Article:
b. Revenue Recognized from Licenses Sold to Resellers Under Extended Payment Terms
As previously described, the ability to recognize revenue for a software license sale under GAAP depends, in part, on whether the related fee is fixed, and a fee is presumed not to be fixed if it is due more than twelve months after delivery of the software. 20 GAAP thus requires restricting the initial revenue recognition from a software license sale to only those payments due within twelve months, with deferral of revenue recognition for payments due beyond twelve months.
The Company routinely recognized revenue on reseller software license purchase commitments that included payment terms that extended beyond twelve months. To do so, the Company used third-party financing to accelerate cash receipts to within twelve months of the sale. 21 The issue underlying the twelve-month rule with respect to resellers is that, due to product obsolescence or lack of end-user demand, resellers might make payment of outstanding amounts conditional on receiving refunds or other concessions, such as rights to additional products, and, to preserve the business relationship with the customer, the vendor might grant such concessions. 22 The use of third-party financing, although accelerating cash receipts, did not address the issue underlying the twelve-month rule. As a result, the Company's use of third-party financing arrangements as a basis to accelerate revenue recognition related to license payments not due within twelve months was improper.
3. Misrepresentations and Omissions in the Company's Filings
As a result of the foregoing fraudulent and other improper practices by former management and others, the Company's financial statements for 1995 and 1996 and the interim periods were misstated. In addition, former management caused Company filings to omit certain information, and to misrepresent other information, concerning nonmonetary exchanges and the significant amount of software sold to resellers but not yet resold to end-users. The Company's periodic reports and other Commission filings that included financial information for 1995 and 1996 consequently were materially false and misleading.
During 1996, the Company engaged in numerous nonmonetary exchanges that included the Superstore transactions discussed above as well as other software-for-hardware exchanges and software-for-software exchanges. 23 These transactions materially increased the Company's reported revenues and earnings. For the first quarter of 1996, nonmonetary exchanges represented approximately 9% of reported revenues and 66% of reported pretax income; for the second quarter of 1996, nonmonetary exchanges represented approximately 15% of reported revenues and 93% of reported pretax income; for the third quarter of 1996, nonmonetary exchanges represented approximately 26% of reported revenues and more than 100% of reported pretax income; and, for the fourth quarter of 1996, nonmonetary exchanges represented approximately 12% of reported revenues and 58% of reported pretax income. For the year, according to the Company's 1996 amended Form 10-K, the nonmonetary exchanges accounted for $170 million, or more than 18%, of 1996 revenues. The net profit from these nonmonetary exchanges represented more than 100% of the originally reported 1996 pretax income.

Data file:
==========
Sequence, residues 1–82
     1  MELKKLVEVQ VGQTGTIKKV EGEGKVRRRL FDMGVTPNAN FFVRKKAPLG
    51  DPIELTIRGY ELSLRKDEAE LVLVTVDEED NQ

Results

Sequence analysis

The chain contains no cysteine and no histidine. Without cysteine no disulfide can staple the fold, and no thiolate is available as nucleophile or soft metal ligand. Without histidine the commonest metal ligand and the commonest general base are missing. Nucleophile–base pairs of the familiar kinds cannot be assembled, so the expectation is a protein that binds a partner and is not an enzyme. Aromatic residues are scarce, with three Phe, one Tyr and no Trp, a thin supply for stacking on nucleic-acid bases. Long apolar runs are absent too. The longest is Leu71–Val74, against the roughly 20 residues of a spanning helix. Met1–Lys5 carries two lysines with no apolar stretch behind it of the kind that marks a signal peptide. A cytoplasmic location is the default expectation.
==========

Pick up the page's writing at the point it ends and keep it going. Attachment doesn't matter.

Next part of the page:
Despite the impact of the nonmonetary exchanges on operating results, prior to the March 1997 filing of the 1996 Form 10-K, former management decided that no disclosures concerning the nonmonetary exchanges would be included in the Company's filings with the Commission. In connection with the 1996 Form 10-K, management decided to make some disclosure of the nonmonetary exchanges. The resulting disclosure, however, was misleading because it concerned only those nonmonetary exchanges in which the software license sale recorded by the Company was within 25% of the dollar value of the Company's corresponding purchase commitment. 24 Using this formula, the Company disclosed only that, in 1996, it had sold approximately $55 million of software licenses to certain vendors where the Company concurrently committed to acquire goods or services of approximately the same dollar amount. In fact, during 1996, the Company entered into nonmonetary exchanges by which it sold $170 million of licenses and purchased $130 million of goods and services.
As a result of the conduct of former management, the Company also omitted information concerning the extent to which the Company's revenues were based on software license sales to resellers that had not resold the licenses to end-users. By 1996, the Company was unable to meet its revenue and earnings goals from sales directly to end-users. During 1996, former management, therefore, turned to obtaining large software license purchase commitments from OEMs and other resellers. The total amount of unsold licenses from reseller commitments grew throughout 1996 primarily because many resellers were unable to resell the software licenses. The level of the resellers' unsold licenses was material information relating to the nature of current reported revenue and earnings growth. In addition, the growth in the level of unsold licenses was a known trend that reasonably could be expected to have a material adverse impact on future revenue and earnings growth. Notwithstanding the importance of the information, former management decided that the Company would not disclose in its quarterly filings information regarding the level of licenses not resold. At year-end, former management decided that the Company would disclose in its Form 10-K that half of the Company's 1996 license sales were to resellers and that almost half of those licenses had not been resold to end-users, i.e. approximately a quarter of the licenses recorded as sold had not been resold to end-users. Former management, however, failed to cause the Company to disclose that, in many instances, the Company was obligated to provide substantial assistance to the resellers to find end-users to purchase the resellers' unsold licenses.